Bhoi-Gunlodu: Deccan

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This article is an extract from






Of Merton College, Oxford, Trinity College, Dublin, and

Middle Temple, London.

One of the Judges of H. E. H. the Nizam's High Court

of Judicature : Lately Director of Public Instruction.




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The Gunlodu, also called Nilbandhu, or the dwellers on the river bank, are mostly found in parts of the country where great rivers abound. Thus, they are found in the Nizamabad, Adilabad and Karimnagar Districts. They eat with the Bestas but do not intermarry with them. Their exogamous sections are as follows : —



The Nilbandhus give a singular account of their origin. The story runs thus : — There was one Narumani, who had a son by his mistress. Immediately on his birth the boy was exposed, by his mother, on the seashore and when full grown was disowned by his father, but commanded to subsist by fishing in the sea : since his profession bound him to the sea-shore, his descendants have been designated ' Nil-bandhus ' (neel, water, and bhandu, bank), or those who live on river banks. The legend suggests that the Nilbandhus may be illegitimate descendants of the Bestas, the great Telugu fishing caste. Their customs and usages are the same as those of the Bestas and need no separate description.

Maratha Bhois


The Maratha Bhois, as their name denotes, constitute the numerous members of the fishing* caste of the Marathawada country, which includes all the Districts of the Aurangabad Subah and the

Bidar and Usmanabad Districts of the Gulbarga Subah. In physical features and customs they differ markedly from the Telugu Bhois. They are divided into two endogamous groups — the Maratha proper and the Machinde — who eat together but do not intermarry. The Mciratha proper may be an off-shoot from the Maratha Kunbis, whom they closely resemble and from whom they are probably separated by having taken to the degraded occupation of fishing and litter bearing. Tiie Machinde Bhois claim to be descended from Machindranath, the chief disciple of Gorakhnath, the famous founder of the sect of Kan- phate Jogis. This, however, gives no clue to the real origin of the sub-caste. •

Internal , Structure

The Maratha Bhois have a number of exogamous sections, consisting of family surnames, many of which are common to this caste and the Maratha Kunbis. The following are some of the commonest of them : —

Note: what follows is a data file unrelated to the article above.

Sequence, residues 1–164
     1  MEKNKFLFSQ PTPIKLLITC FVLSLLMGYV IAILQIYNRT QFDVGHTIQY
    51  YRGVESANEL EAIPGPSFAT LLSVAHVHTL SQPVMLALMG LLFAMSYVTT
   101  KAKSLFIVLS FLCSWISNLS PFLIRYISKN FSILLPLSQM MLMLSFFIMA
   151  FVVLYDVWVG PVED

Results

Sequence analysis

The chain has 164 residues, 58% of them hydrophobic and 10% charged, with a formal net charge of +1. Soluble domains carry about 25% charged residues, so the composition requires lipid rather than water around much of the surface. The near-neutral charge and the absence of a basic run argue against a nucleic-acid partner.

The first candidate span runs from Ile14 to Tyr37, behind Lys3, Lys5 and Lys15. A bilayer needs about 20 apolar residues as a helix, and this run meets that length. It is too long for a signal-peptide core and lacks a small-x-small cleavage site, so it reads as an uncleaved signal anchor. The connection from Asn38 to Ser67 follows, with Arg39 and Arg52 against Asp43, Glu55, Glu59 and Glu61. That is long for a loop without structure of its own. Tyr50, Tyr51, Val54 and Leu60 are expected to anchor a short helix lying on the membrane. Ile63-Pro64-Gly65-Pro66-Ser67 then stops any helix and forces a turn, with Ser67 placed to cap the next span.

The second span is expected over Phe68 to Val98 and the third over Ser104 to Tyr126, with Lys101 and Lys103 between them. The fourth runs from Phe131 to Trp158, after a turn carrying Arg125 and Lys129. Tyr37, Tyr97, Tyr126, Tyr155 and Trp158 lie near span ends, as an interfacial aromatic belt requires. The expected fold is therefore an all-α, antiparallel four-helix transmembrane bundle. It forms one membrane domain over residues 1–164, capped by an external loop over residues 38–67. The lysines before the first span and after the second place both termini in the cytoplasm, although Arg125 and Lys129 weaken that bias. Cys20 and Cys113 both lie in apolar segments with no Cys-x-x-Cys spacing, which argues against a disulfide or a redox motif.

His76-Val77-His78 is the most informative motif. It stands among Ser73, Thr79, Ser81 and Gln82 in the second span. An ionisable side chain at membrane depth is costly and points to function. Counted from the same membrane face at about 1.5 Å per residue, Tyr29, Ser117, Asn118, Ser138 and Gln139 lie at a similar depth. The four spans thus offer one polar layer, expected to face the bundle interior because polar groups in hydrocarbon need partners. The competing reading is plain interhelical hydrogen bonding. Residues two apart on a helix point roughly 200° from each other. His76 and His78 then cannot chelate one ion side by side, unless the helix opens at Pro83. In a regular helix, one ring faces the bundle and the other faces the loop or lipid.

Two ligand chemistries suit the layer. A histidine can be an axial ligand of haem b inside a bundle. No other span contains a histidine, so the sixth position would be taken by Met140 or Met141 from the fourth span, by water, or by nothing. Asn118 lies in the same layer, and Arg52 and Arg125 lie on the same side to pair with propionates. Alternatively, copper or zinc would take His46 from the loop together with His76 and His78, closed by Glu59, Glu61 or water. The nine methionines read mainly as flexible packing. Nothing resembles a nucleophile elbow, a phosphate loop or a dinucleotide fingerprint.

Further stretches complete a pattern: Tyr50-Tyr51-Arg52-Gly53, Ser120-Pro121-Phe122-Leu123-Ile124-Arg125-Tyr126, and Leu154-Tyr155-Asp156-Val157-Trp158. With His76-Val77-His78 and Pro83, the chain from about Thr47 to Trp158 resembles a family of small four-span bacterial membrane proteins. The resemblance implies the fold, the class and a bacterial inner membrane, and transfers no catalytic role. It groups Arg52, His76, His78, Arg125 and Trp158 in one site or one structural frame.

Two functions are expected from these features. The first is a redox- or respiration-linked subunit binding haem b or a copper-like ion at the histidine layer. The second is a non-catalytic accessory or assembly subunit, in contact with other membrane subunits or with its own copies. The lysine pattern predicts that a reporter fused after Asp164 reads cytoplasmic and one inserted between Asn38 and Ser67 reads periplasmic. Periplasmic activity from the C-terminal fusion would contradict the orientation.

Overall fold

Marriages within the surname are prohibited. A man cannot marry the daughter of his maternal aunt or of his sister, though he may marry that of his maternal uncle. He rarely marries his paternal aunt's daughter, although such marriages are not pro- hibited by any tribal usage. Two sisters may be married to the same husband, or to two brothers, provided the elder sister is married to the elder brother and the younger sister to the younger.

The Maratha Bhois marry their daughters Doth as infants, and as adults between the ages of' eight and twenty, and their sons between twelve and twenty-five. Sexual intercourse before marriage is tolerated, but a girl taken in adultery is punished with a small fine. If she becomes pregnant before marriage her paramour is called upon to marry her, but in case he declines, she loses caste. Polygamy is permitted. In theory, there is no limit to the number of wives a man may have and it is not uncommon to find a man having more than one wife

The father of the boy, as a rule, takes the initiative towards the settlement of a marriage. At the betrothal, or kunku lavane, the girl is presented with a sari and the caste panch receiye, by right, Rs2 from the boy's father for khusali or drinking. The Devak, or marriage deity, is represented by twigs of the mango, saundad (Prosopis spicigera) and apta (Bauhinia racemosa), which are tied, with an axe and a wooden pestle, to the milk post (muhurta medha) of the marriage booth. Previous to the marriage, Virs (ancestral spirits) and the goddess Bhavani of Tulja- pur are propitiated by the sacrifice of a goat. The marriage procession is usually made on horseback, but occasionally on a bullock. Pam- grahana, or the gift of the bride to the bridegroom, forms the essen- tial portion of the ceremony. In other respects it resembles that of the Maratha caste. A widow may marry again. Divorce is per- mitted on the ground of the wife's adultery, or if the couple cannot live in harmony.


Ancestral worship is in full force and the souls of the departed are propitiated every Saturday by the elderly member of the family ; the souls of adults are called Virs, those of children Munjas and of females Manvi. On the wedding day goats are sacrificed in honour of these spirits. The members of the caste are very scrupulous in the worship of these spirits, for it is firmly believed that if they neglect this worship they will never live in peace and happiness. Muhammadan pirs are also duly honoured with animal sacrifices. Brahmans are employed for religious and ceremonial purposes. The dead are burned, but occasionally buried. Mourning is observed for 9 days, and on the 10th day Sradha is performed and the caste people are feasted. Sradha is also celebrated on the Pitra Amawasya)a day and on the Akshatritiya)a day.

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